Top seven questions relating to Norwich and Peterborough Building Society transfer of equity
- My partner and I jointly own a buy to let. I am a top rate tax payer. Preferably I wish to complete a transfer of equity into her name in order reduce our tax on rental income. If Norwich and Peterborough Building Society are fine with this the legal fees are inexpensive. What are the implications when we dispose of the property? As I would no longer be on the title documents am I giving up my CGT relief.
- I got divorced three years ago. Foolishly I never dealt with the change the ownership from both our names to my sole name. I am ready to do that and so is she. Transfer-of-equity is presumably the way forward. Norwich and Peterborough Building Society is willing to transfer the full equity in my name (financial checks done). Does my ex need a solicitor?
- My divorce has gone through as is the consent order. Now I must address the transfer of equity on title deeds and the Norwich and Peterborough Building Society mortgage. I have asked Norwich and Peterborough Building Society for the transfer of equity forms. What do I do now?
- My brother and I got a joint mortgage with Norwich and Peterborough Building Society on a apartment a couple of years ago. I am now thinking of buying a apartment by myself and my friend would like to buy me out. Once we have agreed a figure what happens next? Would there be any potential concerns with Norwich and Peterborough Building Society with him being solely liable for the total mortgage rather than only half of it?
- When it comes to transfer of equity conveyancing involving a remortgage with Norwich and Peterborough Building Society should I be invoiced VAT on the following: (1) HMLR fee on the transfer of equity (2) Pre - completion search fee (3) SDLT E submission on the transfer (4) Bank TT fee
- The mortgage broker has suggested using their conveyancer for our Transfer of Equity plus remortgage with Norwich and Peterborough Building Society - Surely it’s easier to just instruct them?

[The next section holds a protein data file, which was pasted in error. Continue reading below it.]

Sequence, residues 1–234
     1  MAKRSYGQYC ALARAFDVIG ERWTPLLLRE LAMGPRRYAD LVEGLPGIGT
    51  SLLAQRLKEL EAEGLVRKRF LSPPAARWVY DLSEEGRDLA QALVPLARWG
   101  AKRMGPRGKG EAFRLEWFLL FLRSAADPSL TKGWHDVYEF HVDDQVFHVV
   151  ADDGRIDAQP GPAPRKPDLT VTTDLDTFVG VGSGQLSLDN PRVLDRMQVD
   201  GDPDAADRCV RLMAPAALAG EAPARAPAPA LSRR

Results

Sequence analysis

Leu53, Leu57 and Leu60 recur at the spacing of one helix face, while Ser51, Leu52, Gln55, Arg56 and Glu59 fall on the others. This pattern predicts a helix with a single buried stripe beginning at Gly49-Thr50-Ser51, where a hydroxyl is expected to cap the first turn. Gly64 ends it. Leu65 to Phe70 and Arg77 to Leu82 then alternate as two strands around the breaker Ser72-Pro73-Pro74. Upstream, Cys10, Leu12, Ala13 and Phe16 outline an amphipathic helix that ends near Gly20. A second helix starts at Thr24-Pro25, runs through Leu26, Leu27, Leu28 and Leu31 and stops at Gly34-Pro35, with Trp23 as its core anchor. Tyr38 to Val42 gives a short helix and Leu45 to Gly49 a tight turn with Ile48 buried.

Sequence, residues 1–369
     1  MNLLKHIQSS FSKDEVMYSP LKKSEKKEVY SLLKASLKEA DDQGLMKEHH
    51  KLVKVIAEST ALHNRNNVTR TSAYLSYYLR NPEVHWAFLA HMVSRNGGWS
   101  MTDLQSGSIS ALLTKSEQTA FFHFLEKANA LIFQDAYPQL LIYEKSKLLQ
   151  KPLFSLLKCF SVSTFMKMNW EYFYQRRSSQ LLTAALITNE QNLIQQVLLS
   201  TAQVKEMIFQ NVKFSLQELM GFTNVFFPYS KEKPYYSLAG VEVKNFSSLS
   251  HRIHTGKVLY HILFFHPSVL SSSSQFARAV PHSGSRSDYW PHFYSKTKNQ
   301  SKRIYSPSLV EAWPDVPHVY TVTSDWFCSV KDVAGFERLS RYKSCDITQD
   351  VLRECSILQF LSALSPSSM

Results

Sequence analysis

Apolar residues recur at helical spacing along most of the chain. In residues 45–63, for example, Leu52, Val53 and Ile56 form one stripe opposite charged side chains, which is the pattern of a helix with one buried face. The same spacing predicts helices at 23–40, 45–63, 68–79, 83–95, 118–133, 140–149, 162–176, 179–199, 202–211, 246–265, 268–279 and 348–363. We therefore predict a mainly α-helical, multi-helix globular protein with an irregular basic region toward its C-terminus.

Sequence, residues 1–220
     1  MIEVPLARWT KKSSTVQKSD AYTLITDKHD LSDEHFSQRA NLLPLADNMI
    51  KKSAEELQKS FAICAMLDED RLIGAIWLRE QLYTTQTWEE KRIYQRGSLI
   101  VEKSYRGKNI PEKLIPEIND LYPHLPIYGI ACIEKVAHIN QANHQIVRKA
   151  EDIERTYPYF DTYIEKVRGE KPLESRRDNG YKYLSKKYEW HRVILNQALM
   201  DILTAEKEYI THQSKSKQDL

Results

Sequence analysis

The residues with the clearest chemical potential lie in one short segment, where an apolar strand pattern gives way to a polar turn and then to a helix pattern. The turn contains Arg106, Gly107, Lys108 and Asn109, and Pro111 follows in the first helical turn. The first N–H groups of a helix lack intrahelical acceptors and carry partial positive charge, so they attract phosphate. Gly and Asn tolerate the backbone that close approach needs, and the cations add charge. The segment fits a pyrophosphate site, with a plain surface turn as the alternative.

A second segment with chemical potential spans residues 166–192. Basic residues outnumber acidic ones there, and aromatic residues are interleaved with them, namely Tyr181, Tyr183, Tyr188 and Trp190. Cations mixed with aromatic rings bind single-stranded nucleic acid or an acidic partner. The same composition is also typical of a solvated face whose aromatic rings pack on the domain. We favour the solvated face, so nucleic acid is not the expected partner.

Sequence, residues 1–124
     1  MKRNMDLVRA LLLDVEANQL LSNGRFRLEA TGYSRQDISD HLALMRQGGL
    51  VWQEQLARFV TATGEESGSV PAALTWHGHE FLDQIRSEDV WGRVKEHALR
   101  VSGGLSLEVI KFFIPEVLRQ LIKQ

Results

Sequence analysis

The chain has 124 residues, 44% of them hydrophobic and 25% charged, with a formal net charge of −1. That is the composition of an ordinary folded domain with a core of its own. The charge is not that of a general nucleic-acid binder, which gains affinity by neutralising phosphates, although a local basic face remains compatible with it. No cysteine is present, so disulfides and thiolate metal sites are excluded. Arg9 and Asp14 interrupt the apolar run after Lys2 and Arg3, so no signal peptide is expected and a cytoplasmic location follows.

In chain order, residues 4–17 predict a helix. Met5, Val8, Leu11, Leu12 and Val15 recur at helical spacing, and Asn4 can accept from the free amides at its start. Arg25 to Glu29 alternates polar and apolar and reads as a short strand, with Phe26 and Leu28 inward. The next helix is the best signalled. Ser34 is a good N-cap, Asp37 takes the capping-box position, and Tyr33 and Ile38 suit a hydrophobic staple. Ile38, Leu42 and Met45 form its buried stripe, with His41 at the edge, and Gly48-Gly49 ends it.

- What if my application doesn't meet Norwich and Peterborough Building Society lending criteria for a transfer of equity?
Sample of questions in a conveyancer questionnaire relating to Norwich and Peterborough Building Society Transfer of Equity
Please confirm whether you are receiving any payment as part of the Transfer or Equity and from whom and provide details of the amount?
Who will be responsible for the costs of the Transfer of Equity?
Please confirm the person to be removed from the title deeds will not reside at the property after the transfer of equity has been completed?
Please provide the details of anyone to be extracted from the property title?
Please give the name(s) and addresse(s) of anyone to be added to the title deeds?
Has consent been obtained from Norwich and Peterborough Building Society to the proposed transfer of equity?
General Advice to read in conjunction with the above Norwich and Peterborough Building Society transfer of equity Info :
Tax and Legal
There may be various tax and legal implications when transferring equity for your property. You should always seek the advice of a solicitor on the Norwich and Peterborough Building Society conveyancing panel and accountant before transferring equity.
Transfer of Equity Conveyancing for Leasehold premises
Should the tenure of your property be leasehold, the lease may have a requirement for notices to be served and that you have a license to do so from the landlord. If such restrictions are not strictly observed you may be in violation of the lease. This could potentially result in the freeholder taking enforcement action against you.